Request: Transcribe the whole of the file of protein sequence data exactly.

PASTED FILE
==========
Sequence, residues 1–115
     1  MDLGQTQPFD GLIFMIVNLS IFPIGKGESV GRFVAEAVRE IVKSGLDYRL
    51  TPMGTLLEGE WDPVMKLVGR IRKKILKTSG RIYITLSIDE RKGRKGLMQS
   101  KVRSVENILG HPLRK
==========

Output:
Sequence, residues 1–115
     1  MDLGQTQPFD GLIFMIVNLS IFPIGKGESV GRFVAEAVRE IVKSGLDYRL
    51  TPMGTLLEGE WDPVMKLVGR IRKKILKTSG RIYITLSIDE RKGRKGLMQS
   101  KVRSVENILG HPLRK